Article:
The UN Panel of Experts on Sudan, in its final report to the Security Council, stated that the Rapid Support Forces’ quick advance and taking of large swathes of the territory in the Darfur region was a result of opening supply routes through South Sudan and complex financial networks…The report says the RSF takeover of Darfur relied on three lines of support: the Arab allied communities; dynamic and complex financial networks; and new military supply lines running through Chad, Libya, and South Sudan…”Complex financial networks established by RSF before and during the war enabled it to acquire weapons, pay salaries, fund media campaigns, and lobby and buy the support of other political and armed groups.” the UN experts observed. Radio Tamazuj

UN Chief Appeals for Sudan Ceasefire, Now: ‘Values of Ramadan Must Prevail’
The UN Secretary-General on Thursday called for an immediate ceasefire in Sudan and unhindered humanitarian access as the country teeters on the brink of further disintegration…Briefing ambassadors at the Security Council, Secretary-General António Guterres appealed to all parties in Sudan to observe a Ramadan ceasefire. “I call on all parties in Sudan to honour the values of Ramadan by honouring a Ramadan cessation of hostilities,” he said…Calling on combatants to allow immediate and full humanitarian access to vulnerable populations, utilizing all available routes, the UN chief also urged the international community to support the underfunded 2024 Sudan Humanitarian Response Plan. UN News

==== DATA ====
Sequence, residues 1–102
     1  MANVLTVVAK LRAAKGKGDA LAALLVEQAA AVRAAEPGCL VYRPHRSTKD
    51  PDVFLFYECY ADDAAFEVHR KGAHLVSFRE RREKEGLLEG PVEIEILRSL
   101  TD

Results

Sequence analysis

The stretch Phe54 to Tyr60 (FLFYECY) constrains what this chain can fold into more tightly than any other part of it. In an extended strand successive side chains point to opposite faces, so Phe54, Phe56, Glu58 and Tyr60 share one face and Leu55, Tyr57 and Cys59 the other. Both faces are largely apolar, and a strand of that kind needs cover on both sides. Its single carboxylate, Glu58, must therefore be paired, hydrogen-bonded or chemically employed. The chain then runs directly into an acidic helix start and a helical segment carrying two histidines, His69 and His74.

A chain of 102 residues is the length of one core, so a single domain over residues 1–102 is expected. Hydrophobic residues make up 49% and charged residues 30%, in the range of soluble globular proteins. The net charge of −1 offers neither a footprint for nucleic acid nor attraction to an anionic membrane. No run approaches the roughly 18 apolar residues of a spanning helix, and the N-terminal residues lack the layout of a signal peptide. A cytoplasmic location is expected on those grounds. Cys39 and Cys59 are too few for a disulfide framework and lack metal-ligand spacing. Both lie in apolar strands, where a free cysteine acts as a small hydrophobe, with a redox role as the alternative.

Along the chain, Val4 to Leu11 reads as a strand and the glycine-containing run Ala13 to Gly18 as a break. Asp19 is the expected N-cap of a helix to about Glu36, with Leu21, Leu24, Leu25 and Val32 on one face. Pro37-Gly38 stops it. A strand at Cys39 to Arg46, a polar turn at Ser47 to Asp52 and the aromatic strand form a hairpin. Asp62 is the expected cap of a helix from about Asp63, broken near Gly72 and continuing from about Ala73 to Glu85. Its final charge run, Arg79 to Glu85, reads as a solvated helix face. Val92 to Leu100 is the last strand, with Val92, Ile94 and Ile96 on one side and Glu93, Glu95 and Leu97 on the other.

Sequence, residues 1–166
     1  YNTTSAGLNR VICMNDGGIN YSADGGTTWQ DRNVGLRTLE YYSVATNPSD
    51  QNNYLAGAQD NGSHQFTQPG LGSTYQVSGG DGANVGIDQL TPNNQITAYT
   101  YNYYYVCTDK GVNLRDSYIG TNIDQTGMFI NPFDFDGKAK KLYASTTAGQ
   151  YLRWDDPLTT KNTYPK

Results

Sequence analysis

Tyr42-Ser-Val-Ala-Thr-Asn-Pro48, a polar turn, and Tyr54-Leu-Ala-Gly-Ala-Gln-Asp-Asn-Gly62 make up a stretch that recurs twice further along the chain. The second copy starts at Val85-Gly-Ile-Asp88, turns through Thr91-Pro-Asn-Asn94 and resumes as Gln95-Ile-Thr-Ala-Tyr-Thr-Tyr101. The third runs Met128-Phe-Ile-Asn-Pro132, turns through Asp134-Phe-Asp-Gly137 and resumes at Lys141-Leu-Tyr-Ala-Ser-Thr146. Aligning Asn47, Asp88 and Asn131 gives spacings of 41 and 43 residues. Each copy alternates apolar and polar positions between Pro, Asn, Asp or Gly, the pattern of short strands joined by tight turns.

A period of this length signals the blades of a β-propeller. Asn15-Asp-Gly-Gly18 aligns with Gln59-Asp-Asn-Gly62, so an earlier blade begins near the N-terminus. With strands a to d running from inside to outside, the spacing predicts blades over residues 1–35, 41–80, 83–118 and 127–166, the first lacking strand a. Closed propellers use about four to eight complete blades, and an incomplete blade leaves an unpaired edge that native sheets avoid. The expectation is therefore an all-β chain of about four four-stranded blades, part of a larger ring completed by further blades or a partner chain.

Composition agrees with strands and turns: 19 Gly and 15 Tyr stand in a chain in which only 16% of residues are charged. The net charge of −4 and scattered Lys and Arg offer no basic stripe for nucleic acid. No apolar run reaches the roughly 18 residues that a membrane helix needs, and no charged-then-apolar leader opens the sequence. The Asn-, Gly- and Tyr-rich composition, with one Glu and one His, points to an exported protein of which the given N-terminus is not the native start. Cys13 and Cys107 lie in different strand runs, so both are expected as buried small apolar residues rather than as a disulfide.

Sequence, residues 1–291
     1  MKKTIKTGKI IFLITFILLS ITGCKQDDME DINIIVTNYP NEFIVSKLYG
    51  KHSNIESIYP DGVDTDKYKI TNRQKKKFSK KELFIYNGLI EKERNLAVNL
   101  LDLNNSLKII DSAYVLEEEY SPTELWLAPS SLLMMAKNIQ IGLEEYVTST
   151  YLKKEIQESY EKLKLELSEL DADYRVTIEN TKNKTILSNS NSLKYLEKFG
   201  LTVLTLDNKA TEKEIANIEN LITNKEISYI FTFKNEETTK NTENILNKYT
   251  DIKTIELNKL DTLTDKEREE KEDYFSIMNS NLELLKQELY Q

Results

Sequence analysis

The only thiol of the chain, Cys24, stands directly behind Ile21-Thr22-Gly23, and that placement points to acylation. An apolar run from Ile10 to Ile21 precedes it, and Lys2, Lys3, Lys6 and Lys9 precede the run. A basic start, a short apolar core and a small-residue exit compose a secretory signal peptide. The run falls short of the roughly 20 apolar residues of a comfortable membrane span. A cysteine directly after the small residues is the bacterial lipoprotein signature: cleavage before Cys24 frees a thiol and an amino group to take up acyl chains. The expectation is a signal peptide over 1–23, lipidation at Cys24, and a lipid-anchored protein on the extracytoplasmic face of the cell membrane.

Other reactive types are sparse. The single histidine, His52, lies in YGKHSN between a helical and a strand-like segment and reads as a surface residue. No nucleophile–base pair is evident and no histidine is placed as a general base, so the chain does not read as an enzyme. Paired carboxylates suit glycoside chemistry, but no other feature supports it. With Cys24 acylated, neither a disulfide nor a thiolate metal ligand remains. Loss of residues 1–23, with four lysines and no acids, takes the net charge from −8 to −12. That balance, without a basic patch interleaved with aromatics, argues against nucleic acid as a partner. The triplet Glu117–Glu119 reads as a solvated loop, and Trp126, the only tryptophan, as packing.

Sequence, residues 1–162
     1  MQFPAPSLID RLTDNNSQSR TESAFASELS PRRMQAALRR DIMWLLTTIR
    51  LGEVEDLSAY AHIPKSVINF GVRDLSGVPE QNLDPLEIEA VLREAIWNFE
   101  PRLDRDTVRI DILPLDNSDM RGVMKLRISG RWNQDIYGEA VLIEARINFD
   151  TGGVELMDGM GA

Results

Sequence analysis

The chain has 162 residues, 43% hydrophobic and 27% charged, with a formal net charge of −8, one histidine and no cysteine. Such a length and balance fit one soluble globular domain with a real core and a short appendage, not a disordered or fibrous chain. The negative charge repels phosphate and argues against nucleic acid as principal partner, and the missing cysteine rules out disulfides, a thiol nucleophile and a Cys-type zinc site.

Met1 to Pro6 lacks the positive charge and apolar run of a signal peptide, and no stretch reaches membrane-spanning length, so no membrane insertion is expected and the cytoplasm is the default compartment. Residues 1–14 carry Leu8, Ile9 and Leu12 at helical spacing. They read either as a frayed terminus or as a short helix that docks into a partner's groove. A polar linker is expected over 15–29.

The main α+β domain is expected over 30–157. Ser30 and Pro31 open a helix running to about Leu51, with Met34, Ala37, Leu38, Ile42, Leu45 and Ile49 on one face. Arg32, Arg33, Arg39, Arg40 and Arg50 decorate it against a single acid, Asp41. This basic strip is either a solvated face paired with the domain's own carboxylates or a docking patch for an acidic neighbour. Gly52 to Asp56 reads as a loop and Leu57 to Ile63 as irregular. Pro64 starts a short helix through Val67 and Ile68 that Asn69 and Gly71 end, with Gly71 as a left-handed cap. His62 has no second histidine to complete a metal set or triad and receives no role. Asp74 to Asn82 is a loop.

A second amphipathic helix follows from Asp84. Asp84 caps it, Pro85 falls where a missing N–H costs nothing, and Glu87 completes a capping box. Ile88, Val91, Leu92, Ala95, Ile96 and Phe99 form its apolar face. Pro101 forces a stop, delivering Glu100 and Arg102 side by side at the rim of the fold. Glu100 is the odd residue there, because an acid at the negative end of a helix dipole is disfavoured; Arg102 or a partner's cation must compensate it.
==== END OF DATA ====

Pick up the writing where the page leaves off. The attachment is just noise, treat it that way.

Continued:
US Treasury’s No. 2 to Visit South Africa Next Week
U.S. Deputy Treasury Secretary Wally Adeyemo will visit South Africa next week, a Treasury spokesperson told Reuters, where he will seek to advance the economic relationship between the two countries…The spokesperson said Adeyemo will discuss issues such as illicit finance, clean energy transition, investment in young entrepreneurs and leaders, work against wildlife trafficking and U.S. sanctions in his visit…He will meet with government counterparts, business leaders and students, among others, on the trip from March 11-15, the spokesperson said. The trip will include visits to Cape Town, Pretoria and Johannesburg…Reuters

Turkey Signs Energy Cooperation Deal with Somalia
Turkey signed an offshore oil and natural gas cooperation deal with Somalia on Thursday, the Turkish Energy Ministry said, further strengthening bilateral ties after agreeing on a defence deal last month. The energy ministry said the deal, which it described as an inter-governmental agreement, includes exploration, evaluation, development and production of oil in Somalia’s land and sea blocks…The deal includes transportation, distribution, refining, sales and services operations of oil and other products from land and sea projects, the ministry also said…In February, Turkey signed a defence and economic cooperation agreement with Somalia and will provide maritime security support to help the African country defend its territorial waters. Reuters